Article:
'<To each, his, or her or its own>, I guess,' I told it. 'So what's the deal?'

park sang joon

Senior Member
The colossal creature, Dweller blocks a path not to let sorcerers pass.

"I eat sorcerers," it told me.
I made a face, thinking back over some of the old farts I've known in the business.
"To each, his, or her or its own, I guess," I told it. "So what's the deal?"
["Trumps of Doom" of The Great Book of Amber by Roger Zelazny]
I'd like to know if the underlined clause means "To each cases, there was his, or her or its own suggestion."
Thank you in advance for your help.
  • Franco-filly

    Senior Member
    English - Southern England
    Have you seen this post: To each his own
    It means "To each person (belongs) his own preference,choice,taste, opinion, etc" + implied "but I don't have to agree with it" So, in this context the sorcerer is saying "That's your choice but I don't agree with it"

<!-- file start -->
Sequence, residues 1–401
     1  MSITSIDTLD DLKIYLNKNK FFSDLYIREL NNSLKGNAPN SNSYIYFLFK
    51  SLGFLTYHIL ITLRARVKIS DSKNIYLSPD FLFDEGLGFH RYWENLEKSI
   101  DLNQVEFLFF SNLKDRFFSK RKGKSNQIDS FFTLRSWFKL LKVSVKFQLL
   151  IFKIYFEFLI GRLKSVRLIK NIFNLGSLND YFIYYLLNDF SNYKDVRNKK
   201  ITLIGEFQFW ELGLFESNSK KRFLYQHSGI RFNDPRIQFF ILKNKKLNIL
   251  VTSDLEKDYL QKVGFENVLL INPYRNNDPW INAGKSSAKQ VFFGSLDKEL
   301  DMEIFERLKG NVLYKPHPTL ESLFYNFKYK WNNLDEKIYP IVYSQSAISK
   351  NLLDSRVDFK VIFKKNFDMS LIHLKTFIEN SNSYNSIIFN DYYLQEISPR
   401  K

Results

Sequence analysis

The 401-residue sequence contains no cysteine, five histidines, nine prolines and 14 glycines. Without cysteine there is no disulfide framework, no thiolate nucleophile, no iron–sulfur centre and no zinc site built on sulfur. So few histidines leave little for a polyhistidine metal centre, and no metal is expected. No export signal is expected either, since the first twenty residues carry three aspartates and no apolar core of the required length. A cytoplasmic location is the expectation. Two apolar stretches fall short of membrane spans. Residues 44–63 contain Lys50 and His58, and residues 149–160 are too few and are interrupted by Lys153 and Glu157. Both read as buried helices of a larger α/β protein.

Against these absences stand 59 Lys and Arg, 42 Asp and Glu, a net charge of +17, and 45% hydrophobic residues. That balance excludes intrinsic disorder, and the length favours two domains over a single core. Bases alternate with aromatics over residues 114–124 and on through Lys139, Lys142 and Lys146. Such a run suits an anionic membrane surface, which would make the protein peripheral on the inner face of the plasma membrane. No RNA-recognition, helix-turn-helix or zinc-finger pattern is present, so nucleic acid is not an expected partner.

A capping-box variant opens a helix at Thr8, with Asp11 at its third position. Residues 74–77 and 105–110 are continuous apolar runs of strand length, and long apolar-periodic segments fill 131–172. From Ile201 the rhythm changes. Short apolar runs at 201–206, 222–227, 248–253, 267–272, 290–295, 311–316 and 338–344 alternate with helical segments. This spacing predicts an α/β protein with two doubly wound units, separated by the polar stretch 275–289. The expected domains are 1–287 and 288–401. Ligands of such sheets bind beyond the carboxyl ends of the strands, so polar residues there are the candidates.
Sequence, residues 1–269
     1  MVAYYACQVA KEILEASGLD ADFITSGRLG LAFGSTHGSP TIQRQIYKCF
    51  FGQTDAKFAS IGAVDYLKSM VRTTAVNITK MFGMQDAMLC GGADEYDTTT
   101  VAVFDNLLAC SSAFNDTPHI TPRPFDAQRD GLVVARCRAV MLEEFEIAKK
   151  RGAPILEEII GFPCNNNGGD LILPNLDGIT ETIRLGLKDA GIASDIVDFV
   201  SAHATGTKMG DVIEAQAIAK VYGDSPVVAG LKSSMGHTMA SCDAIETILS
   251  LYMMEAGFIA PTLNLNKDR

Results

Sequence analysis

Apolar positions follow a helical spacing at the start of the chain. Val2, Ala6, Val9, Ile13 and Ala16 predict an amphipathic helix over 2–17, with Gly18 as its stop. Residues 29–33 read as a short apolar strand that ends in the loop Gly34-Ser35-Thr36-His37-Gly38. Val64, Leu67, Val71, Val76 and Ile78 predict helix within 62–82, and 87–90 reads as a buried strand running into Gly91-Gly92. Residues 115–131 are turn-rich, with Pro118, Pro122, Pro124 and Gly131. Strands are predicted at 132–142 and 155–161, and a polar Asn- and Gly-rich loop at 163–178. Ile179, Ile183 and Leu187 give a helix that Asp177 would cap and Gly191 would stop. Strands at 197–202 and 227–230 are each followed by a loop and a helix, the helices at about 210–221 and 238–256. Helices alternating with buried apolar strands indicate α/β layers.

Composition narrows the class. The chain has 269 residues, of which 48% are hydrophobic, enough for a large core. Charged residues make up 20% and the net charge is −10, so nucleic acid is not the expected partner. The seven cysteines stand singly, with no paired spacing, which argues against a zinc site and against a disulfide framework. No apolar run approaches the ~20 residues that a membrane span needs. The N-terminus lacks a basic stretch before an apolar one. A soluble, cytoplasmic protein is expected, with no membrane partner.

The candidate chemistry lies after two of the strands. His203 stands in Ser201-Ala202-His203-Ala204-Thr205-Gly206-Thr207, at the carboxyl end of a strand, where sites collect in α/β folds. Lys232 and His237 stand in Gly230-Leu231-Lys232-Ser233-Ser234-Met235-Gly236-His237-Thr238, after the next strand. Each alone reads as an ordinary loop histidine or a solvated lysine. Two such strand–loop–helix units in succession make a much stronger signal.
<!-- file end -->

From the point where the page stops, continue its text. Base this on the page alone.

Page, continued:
Senior Member
    English - South-East England
    It's a variation allowing for a living creature being an 'it', of the more common 'to each their own' (or old-fashioned 'his'), which refers to taste: taste in clothing, or taste in food, or in habits. In English we often use the original French, chacun son goût, or some variation on it.
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